The Hong Kong government will “very likely” propose a national anthem bill next month which will include a requirement that the anthem be played as lawmakers are sworn into office, according to lawmaker Claudia Mo.

Mo, who convenes the pro-democracy camp, said on Friday that the Secretary for Constitutional and Mainland Affairs, Patrick Nip, had been reaching out to lawmakers to seek support for the proposal.

Claudia Mo. Photo:

“The government wants to send a message that ‘one country’ must come first in ‘one country, two systems,’” Mo said. “This is a kind of political pressure.”

Mo added the pro-democracy camp was not opposed to the national anthem law in principle, but she objected to the newest requirement.

“What the government originally proposed we felt was passable, with some areas of debate… But now they add this controversial provision and I believe we need to rethink,” Mo said.

Mo told HKFP that Nip had already met pro-Beijing unionist lawmakers.

Patrick Nip. Photo:

Pro-democracy camp lawmakers have not met Nip yet because of scheduling problems, but Mo would likely meet him on Monday morning, she said.

Mo also said that, according to an unnamed official source, the national anthem bill will “very likely” be put to the Legislative Council in January.

A spokesperson for the Constitutional and Mainland Affairs Bureau told HKFP on Friday: “The drafting of the national anthem bill is near conclusion. The [Bureau] will submit the bill to the Legislative Council at the soonest early next year.”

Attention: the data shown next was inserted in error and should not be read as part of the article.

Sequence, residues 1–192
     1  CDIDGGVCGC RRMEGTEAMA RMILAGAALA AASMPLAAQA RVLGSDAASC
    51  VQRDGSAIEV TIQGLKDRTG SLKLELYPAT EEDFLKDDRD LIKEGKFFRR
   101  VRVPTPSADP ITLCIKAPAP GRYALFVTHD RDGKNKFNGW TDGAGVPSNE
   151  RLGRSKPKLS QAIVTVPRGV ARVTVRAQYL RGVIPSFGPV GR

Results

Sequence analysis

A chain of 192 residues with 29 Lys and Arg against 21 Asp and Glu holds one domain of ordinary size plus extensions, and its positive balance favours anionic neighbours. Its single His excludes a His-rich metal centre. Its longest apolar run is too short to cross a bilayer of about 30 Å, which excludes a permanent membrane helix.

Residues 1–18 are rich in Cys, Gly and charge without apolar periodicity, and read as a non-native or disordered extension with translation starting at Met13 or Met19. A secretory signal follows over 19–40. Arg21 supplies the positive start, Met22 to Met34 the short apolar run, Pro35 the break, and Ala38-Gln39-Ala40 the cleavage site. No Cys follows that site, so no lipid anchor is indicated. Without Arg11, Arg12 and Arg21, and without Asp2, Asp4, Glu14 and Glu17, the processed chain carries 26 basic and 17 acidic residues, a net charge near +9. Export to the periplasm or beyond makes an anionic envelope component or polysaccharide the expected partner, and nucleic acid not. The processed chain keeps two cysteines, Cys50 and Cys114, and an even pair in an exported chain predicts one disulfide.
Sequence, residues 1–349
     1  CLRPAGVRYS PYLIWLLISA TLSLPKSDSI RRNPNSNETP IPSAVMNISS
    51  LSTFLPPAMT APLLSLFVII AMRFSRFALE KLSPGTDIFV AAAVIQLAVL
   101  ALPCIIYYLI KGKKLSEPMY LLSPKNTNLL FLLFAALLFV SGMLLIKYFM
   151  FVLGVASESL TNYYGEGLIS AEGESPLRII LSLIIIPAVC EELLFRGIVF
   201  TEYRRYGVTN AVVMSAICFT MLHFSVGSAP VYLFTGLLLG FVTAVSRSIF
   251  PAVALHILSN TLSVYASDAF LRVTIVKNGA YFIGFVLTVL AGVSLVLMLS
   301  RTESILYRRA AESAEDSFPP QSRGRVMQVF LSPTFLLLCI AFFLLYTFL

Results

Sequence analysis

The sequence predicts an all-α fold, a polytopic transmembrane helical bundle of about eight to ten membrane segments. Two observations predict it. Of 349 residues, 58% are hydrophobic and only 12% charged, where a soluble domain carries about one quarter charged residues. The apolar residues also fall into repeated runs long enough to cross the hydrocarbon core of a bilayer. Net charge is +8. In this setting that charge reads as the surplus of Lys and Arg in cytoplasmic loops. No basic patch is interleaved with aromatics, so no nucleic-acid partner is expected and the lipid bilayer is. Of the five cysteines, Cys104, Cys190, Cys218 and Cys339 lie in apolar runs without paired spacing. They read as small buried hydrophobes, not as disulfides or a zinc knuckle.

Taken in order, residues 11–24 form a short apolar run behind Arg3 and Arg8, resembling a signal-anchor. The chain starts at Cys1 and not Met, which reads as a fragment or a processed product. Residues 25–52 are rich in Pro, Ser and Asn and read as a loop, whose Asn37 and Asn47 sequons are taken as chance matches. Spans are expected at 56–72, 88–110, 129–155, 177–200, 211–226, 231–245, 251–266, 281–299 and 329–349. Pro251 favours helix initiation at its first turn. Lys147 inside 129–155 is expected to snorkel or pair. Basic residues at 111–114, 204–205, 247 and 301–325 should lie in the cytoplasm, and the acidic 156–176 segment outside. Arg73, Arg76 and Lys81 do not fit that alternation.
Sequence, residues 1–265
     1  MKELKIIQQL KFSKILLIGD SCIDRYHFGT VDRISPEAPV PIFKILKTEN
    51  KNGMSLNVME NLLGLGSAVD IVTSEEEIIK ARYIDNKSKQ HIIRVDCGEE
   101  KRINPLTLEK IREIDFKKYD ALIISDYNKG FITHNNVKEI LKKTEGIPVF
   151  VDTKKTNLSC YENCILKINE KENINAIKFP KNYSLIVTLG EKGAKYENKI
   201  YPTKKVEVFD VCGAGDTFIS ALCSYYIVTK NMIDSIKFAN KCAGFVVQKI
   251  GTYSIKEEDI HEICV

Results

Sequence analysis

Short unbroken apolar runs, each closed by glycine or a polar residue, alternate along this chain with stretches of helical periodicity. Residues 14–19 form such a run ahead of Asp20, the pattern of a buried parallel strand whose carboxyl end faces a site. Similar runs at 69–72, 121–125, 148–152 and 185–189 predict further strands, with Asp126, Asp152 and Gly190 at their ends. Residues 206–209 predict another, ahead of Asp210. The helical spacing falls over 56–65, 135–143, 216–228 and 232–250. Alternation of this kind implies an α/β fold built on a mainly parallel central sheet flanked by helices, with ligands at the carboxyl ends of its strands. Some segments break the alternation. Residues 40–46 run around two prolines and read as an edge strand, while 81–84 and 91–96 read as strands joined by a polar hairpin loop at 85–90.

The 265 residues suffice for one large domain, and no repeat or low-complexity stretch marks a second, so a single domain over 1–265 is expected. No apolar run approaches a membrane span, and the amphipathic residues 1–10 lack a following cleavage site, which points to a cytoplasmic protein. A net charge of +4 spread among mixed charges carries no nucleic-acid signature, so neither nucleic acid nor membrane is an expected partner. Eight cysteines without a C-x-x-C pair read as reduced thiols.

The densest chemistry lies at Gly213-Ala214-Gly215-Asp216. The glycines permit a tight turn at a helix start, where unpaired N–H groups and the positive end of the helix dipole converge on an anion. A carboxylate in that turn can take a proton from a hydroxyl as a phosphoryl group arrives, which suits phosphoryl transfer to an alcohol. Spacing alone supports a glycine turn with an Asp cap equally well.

In March, the government sent a proposed outline of the national anthem bill to the legislature, which suggested a maximum penalty of HK$50,000 and three years in jail for anyone who “publicly and wilfully alters” the lyrics or the score of the national anthem, performs or sings the national anthem in a “distorted or derogatory manner”, or insults the national anthem in any other manner.

Civil society groups protested the national anthem law outline. Photo: Figo Chan, via Facebook.

The outline sparked a backlash from political parties, civil society groups and scholars who argued the national anthem law would curb civil liberties.

Starry Lee, chair of the pro-Beijing DAB party, said on Friday it was reasonable to play the national anthem at the oath-taking ceremony because it was a “solemn… and important occasion.”

“I believe the public will welcome the move,” Lee added.

Holmes Chan

Holmes Chan is a reporter at Hong Kong Free Press. He covers local news with a focus on law, politics, and social movements. He studied law and literature at the University of Hong Kong.